Ana is a single mama to an 8-yr-old son, Javier, who loves to wear costumes 365 days per year. When not exploring her beloved Sunshine State with her family, she's planning date nights with her single dad beau, Mark. The former content director for parenting.com, Ana is now the VP of Content for Today's Mama. She has interviewed a wide range of mamas, from First Lady Michelle Obama to the Kardashians and everything in between.

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Not All Breadwinner Moms Are Happy About It

The first time I became the breadwinner in my family was when I moved from New York City to the Deep South for a job, and my husband was unable to find work making the same amount of money he made in the city. At the time we knew of only one other breadwinner mom, so it took a lot of getting used to, not just for ourselves but for the people around us, too.

Not All Breadwinner Moms Are Happy About It www.TodaysMama.com #workingmoms #breadwinnermoms

Boy, have times changed in the short nine years since! A whopping 40 percent of households with kids now count mom as primary breadwinner, according to a Pew report released late last year. Now the Working Mother Institute just released a new survey of 2,000 moms and dads that deepens the conversation. The findings reveal some interesting facts about how breadwinner moms really feel about their partners, their kids, and the unavoidable work/life balance. A few highlights:

The majority of moms surveyed say they became the household breadwinners by chance, not choice, so it’s not surprising some don’t feel satisfied with the decision. The report finds only 60 percent of moms are satisfied with how at-home tasks are divided compared to a much higher  76 percent of dads. However, both men and women report a relatively high satisfaction level with their relationship in general (72 percent of moms vs. 80 percent of dads).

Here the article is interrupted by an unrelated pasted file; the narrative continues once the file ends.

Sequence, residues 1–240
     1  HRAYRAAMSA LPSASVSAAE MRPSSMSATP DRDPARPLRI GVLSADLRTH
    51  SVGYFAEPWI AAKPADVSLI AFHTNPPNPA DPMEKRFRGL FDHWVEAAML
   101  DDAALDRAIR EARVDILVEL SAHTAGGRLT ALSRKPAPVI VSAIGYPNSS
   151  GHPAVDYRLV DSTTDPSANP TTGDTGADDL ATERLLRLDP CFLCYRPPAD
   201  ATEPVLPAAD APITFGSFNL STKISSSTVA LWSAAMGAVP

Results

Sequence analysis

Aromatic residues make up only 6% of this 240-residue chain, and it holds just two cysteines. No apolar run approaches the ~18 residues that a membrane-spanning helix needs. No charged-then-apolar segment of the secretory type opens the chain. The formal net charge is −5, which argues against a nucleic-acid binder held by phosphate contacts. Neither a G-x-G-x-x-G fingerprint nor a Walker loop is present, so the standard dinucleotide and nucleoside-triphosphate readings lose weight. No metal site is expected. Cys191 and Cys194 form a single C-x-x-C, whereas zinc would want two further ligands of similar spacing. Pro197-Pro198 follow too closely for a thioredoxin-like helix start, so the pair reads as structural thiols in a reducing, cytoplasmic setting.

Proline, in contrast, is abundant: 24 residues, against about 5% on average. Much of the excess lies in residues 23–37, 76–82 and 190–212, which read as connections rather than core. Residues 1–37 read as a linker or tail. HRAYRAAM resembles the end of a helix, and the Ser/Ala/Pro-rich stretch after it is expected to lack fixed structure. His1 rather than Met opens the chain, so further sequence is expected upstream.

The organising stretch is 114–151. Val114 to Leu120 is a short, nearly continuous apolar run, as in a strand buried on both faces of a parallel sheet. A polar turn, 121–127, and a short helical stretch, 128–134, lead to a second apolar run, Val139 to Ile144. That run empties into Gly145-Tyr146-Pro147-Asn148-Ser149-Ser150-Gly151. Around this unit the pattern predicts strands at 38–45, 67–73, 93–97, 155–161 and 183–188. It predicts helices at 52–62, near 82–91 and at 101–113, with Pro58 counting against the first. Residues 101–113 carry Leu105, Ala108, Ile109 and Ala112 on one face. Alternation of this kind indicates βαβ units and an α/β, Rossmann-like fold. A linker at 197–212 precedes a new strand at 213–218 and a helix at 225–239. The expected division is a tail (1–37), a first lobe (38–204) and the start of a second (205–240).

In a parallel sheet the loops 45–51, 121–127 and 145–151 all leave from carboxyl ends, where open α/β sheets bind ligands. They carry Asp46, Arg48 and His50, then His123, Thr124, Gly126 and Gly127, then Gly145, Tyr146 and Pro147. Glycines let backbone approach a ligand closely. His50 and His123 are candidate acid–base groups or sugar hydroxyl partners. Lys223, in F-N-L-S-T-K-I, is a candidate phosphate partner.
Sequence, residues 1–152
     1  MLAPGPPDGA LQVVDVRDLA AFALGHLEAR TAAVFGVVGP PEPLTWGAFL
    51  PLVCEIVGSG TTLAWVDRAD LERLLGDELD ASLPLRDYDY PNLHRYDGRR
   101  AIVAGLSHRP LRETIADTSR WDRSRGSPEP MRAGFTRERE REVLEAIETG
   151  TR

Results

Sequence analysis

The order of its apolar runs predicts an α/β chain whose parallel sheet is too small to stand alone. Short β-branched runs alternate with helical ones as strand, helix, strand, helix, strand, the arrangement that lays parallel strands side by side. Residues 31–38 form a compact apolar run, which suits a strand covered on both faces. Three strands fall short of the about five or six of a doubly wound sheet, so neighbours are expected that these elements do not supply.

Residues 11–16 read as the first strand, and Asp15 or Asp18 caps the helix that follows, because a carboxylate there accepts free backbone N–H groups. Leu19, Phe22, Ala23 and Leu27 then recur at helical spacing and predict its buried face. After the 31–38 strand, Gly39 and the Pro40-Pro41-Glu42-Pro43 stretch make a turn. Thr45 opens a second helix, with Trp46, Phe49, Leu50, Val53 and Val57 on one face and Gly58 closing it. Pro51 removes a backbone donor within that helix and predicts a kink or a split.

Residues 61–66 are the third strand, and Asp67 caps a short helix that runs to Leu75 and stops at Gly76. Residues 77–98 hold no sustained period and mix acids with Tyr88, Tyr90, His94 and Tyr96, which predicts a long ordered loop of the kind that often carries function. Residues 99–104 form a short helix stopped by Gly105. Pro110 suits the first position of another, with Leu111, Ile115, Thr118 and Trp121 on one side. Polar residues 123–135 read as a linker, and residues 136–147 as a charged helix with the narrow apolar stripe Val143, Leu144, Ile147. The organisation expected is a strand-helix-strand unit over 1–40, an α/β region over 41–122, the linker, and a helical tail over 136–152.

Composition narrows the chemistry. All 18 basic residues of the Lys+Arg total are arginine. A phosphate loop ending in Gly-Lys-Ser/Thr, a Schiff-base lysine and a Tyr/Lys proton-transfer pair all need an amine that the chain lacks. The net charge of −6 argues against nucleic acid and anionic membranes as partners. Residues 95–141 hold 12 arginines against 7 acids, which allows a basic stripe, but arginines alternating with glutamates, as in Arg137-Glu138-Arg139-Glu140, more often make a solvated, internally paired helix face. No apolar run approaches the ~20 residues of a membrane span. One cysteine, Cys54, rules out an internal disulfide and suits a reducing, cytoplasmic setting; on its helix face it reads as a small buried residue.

Moms and dads agree society remains more comfortable with men as breadwinners, even post-recession. I cannot agree more! We have come so far, yet we have so far to go! We desperately need more workplace flexibility, and better maternity and paternity leave policies, just to start.

Women are less satisfied with their partner’s contribution to family finances. Seventy-two percent of male breadwinners are satisfied compared to just 58 percent of the female breadwinners. Almost a quarter of the breadwinning moms believe their partners should make a bigger financial contribution and 21 percent would prefer their partner be the primary earner, while only 2 percent of dads felt the same way.

For an in-depth look at the survey, click HERE. Who’s the primary earner in your family, and how do you feel about it? Please leave a comment below!

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Comments (2)

  1. Becca 02/27/2014 at 9:16 am

    I’m the main breadwinner – and to make myself feel better I say that I’m happy with the choice, but it’s of necessity. I like what I do, but deep down, I definitely have resentment. I don’t like to admit it. And I think working moms often use the go to “He’s a better stay at home parent than me” “I wouldn’t be good staying home” and belittle our parenting skills to feel better about our day to day situation. I think more moms feel it than would like to admit. It comes with too much guilt all the way around.

  2. Kelly 02/25/2014 at 7:05 pm

    I am the only breadwinner. There is no way my husband could earn as much so we made a family decision for him to be home. With all of our kids activities, I doubt think we could do it if he had to work. It does add a layer of stress knowing that all 5 of us a relying on me but it works for our family.